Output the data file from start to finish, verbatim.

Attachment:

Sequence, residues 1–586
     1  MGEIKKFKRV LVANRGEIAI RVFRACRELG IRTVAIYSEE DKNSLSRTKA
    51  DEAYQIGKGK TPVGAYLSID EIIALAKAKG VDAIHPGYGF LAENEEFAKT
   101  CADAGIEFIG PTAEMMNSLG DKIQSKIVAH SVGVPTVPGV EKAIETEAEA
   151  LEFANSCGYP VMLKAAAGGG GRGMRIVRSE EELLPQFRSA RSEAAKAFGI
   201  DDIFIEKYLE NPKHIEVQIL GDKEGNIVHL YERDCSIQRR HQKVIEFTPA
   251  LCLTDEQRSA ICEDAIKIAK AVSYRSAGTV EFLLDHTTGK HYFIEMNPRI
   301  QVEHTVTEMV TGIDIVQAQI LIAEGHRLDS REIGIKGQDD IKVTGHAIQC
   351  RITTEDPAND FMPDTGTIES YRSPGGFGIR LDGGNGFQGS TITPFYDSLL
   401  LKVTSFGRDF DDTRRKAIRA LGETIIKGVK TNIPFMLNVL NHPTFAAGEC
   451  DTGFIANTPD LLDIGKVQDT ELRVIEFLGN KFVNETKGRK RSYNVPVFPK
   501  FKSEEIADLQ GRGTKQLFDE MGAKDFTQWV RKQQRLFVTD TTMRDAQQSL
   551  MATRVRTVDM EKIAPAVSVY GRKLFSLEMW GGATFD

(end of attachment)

Sequence, residues 1–586
     1  MGEIKKFKRV LVANRGEIAI RVFRACRELG IRTVAIYSEE DKNSLSRTKA
    51  DEAYQIGKGK TPVGAYLSID EIIALAKAKG VDAIHPGYGF LAENEEFAKT
   101  CADAGIEFIG PTAEMMNSLG DKIQSKIVAH SVGVPTVPGV EKAIETEAEA
   151  LEFANSCGYP VMLKAAAGGG GRGMRIVRSE EELLPQFRSA RSEAAKAFGI
   201  DDIFIEKYLE NPKHIEVQIL GDKEGNIVHL YERDCSIQRR HQKVIEFTPA
   251  LCLTDEQRSA ICEDAIKIAK AVSYRSAGTV EFLLDHTTGK HYFIEMNPRI
   301  QVEHTVTEMV TGIDIVQAQI LIAEGHRLDS REIGIKGQDD IKVTGHAIQC
   351  RITTEDPAND FMPDTGTIES YRSPGGFGIR LDGGNGFQGS TITPFYDSLL
   401  LKVTSFGRDF DDTRRKAIRA LGETIIKGVK TNIPFMLNVL NHPTFAAGEC
   451  DTGFIANTPD LLDIGKVQDT ELRVIEFLGN KFVNETKGRK RSYNVPVFPK
   501  FKSEEIADLQ GRGTKQLFDE MGAKDFTQWV RKQQRLFVTD TTMRDAQQSL
   551  MATRVRTVDM EKIAPAVSVY GRKLFSLEMW GGATFD